Regulatory reform agency embraces new model to assess small-business impact

The R.I. Office of Regulatory Reform released a report Tuesday outlining key findings and recommendations from period two of the Regulatory Reform Initiative to analyze all state-agency regulations and their impact on Rhode Island’s small businesses. More

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Regulatory reform agency embraces new model to assess small-business impact

COURTESY R.I. OFFICE OF REGULATORY REFORM
IN A REPORT RELEASED Tuesday, the R.I. Office of Regulatory Reform identified 399 state-agency regulations that directly impact small business. The chart pictured above shows what percentage of those regulations impact Rhode Island's small businesses in the specified ways.
Posted 11/5/13

PROVIDENCE – The R.I. Office of Regulatory Reform released a report Tuesday outlining key findings and recommendations from period two of the Regulatory Reform Initiative to analyze all state-agency regulations and their impact on Rhode Island’s small businesses.

During the second review phase, state agencies recommended the repeal of two additional regulations, after having recommended a dozen regulations for repeal during period one. An additional 12 regulations were identified for amendment on top of the 45 regulations identified in the last progress report.

“The second report is another step in the right direction for regulatory reform,” said Gov. Lincoln D. Chafee in a statement. “A vibrant and growing small business sector is critical to creating jobs in Rhode Island. I applaud the initial efforts of state agencies to be more responsive to small businesses. Moreover, I continue to urge all agencies to develop regulatory solutions that effectively achieve state goals without imposing unnecessary burdens on small employers.”

The reform initiative began last summer after state lawmakers ordered state agencies to analyze all existing regulations within four years, a timeline Chafee accelerated to 480 days. The first of four review phases ended at the close of 2012, and the last is scheduled to end at the close of this year.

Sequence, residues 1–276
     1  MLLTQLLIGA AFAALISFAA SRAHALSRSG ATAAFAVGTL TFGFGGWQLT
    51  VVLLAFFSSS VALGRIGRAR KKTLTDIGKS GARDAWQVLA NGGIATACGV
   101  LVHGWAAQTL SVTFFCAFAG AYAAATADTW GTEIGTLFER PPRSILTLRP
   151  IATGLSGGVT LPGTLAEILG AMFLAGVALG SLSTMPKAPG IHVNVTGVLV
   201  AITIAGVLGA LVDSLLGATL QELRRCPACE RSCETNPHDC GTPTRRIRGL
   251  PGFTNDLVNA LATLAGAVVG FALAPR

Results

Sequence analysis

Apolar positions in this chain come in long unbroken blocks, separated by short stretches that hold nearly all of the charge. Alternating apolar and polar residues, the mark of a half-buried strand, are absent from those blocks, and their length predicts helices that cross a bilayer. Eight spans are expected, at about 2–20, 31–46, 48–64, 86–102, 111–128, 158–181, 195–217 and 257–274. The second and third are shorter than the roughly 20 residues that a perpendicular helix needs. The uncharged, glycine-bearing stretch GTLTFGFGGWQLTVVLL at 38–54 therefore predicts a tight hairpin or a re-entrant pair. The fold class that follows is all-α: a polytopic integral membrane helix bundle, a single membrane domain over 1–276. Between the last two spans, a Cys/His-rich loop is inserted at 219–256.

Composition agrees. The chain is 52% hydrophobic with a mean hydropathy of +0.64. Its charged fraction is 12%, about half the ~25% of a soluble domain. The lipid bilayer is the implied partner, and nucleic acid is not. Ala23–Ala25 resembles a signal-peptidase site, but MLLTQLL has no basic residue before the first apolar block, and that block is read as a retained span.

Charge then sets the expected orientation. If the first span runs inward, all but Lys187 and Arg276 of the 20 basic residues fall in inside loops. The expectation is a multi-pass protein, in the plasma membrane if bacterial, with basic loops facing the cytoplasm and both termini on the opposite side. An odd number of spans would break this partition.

Now halfway through the Regulatory Reform Initiative, the ORR has to date received 1,089 regulations for review, or 66.2 percent of the 1,646 total regulations on file with the Secretary of State. Of the 1,089 regulations received, 187 were exempt from review, the ORR said.

Developing a new model for defining whether and how a particular regulation affects local small businesses was a major focus of the ORR in period two, according to the report. During the first two review periods, the ORR defined regulations with “small-business impact” as only those regulations requiring applicable businesses to comply in order to operate.

Based on this model, the ORR identified 164 regulations in period two that impact small businesses, in addition to the 235 regulations identified during period one.

The ORR also identified the top five state entities with the highest percentage of regulations impacting small businesses, which included the Division of Taxation, the Department of Environmental Management, the Coastal Resources Management Council, the Department of Labor and Training, and the Department of Health.

However, in the course of its evaluation, the ORR received feedback from small businesses suggesting that regulations without direct compliance requirements for small businesses may still have a marked impact on those businesses. For example, a regulation that impacts a municipality may eventually translate into an impact on small businesses.

To address the issue, the ORR published in the period two report a new model for defining a regulation’s small-business impact, which the ORR will implement in period three. The new model outlines four different types of small-business impact:

  • Direct Impact: Regulations requiring applicable businesses to comply in order to operate

  • Decision-Based Impact: Regulations triggered by a business decision related to “opting-in” to a program

  • Indirect Impact: Regulations impacting another entity which in turn impacts a small business

  • No Impact: Regulations with no direct, decision-based or indirect impact on small businesses

“This model will lead to a more comprehensive reflection of exactly how, and how much, Rhode Island regulations collectively impact its small business community,” the report stated.

“We are beginning to see a much clearer picture of the regulatory environment in Rhode Island, in large part due to input from a wide range of stakeholders,” said Leslie Taito, director of the Office of Regulatory Reform, in a release. “This report demonstrates how and why regulatory processes must change to balance the need to protect taxpayer interests with the need to grow our economy. We have a long way to go, but the improvements under way are what the small business community has been seeking.”

To view the complete report, visit www.admin.ri.gov.

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